I have a file with a word written on it. I want my script to put that word in a variable.

How can I do that?


in several of a million ways...

simplest is probably

my_var=$(cat my_file)

If you use bash and you want to get spiffy you can use bash4's mapfile, which puts an entire file into an array variable, one line per cell

mapfile my_var < my_file
  • Since when is spacing before and after = allowed in shell scripting? – orlp Jan 20 '11 at 16:44
  • 1
    @nightcracker sorry, brainfart, I had already corrected it before I saw your comment – wich Jan 20 '11 at 16:49
  • newlines will make the first part try to execute and fail with a command not found error use var=$(cat file | tr -d '\n') to remove all new lines, including any trailing ones – Jonathan Jul 5 '17 at 10:51
  • @Jonathan no it won't – wich Jul 5 '17 at 14:46

The simplest way is probably:

var=$(< file)

which doesn't create a new process.


I think the easiest way is something like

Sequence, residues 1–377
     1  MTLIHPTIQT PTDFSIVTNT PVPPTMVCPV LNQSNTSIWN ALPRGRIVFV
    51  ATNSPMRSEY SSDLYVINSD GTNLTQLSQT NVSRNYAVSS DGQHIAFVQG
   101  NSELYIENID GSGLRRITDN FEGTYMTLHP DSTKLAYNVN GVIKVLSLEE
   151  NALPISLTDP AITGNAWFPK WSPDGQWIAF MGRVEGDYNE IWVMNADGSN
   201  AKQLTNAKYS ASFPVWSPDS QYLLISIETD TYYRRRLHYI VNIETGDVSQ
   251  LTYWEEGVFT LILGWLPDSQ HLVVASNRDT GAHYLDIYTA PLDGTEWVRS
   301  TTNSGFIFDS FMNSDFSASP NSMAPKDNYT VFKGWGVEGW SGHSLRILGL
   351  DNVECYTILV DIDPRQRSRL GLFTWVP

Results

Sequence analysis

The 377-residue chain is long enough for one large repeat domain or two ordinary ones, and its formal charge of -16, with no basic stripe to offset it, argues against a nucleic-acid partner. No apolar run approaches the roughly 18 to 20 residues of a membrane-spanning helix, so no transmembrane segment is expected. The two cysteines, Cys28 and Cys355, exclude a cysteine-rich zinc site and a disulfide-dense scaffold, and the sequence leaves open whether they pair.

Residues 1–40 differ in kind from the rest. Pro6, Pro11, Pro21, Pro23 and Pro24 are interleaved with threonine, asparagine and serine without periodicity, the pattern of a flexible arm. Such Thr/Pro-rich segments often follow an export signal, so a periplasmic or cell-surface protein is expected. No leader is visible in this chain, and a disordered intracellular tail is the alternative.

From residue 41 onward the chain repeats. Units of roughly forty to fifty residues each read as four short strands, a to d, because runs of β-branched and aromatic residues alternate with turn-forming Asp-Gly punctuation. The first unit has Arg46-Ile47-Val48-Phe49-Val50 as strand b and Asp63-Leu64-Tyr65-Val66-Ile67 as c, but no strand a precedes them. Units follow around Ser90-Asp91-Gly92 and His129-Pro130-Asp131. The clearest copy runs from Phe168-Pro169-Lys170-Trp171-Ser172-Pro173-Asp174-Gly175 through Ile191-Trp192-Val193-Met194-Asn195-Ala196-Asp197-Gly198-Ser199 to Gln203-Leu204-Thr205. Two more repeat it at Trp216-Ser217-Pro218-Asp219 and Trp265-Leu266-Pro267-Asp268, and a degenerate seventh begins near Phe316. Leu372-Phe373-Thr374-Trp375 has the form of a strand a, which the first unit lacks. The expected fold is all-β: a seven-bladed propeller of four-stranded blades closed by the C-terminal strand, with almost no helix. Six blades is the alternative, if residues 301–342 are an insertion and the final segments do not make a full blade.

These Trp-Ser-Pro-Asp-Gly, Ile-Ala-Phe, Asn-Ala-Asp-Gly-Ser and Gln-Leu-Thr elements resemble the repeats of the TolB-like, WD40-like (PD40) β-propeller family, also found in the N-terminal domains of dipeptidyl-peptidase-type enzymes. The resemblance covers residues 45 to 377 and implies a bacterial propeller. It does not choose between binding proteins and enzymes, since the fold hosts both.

$ myvar=`cat file`
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    It's not necessary to export the variable and the spaces around the equal sign won't work. – Paused until further notice. Jan 20 '11 at 18:29
var="`cat /path/to/file`"

This is the simple way. Be careful with newlines in the file.

var="`head -1 /path/to/file`"

This will only get the first line and will never include a newline.

  • I have a file nammed "log", and $x="`cat log`" results in =2: command not found – Tom Brito Jan 20 '11 at 16:45

I think it will strip newlines, but here it is anyway:

variable=$(cat filename)
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    It will only strip the final newline. If you seem to be getting the other newlines stripped, it's because you're not quoting the variable on output. echo $variable vs. echo "$variable" – Paused until further notice. Jan 20 '11 at 18:31

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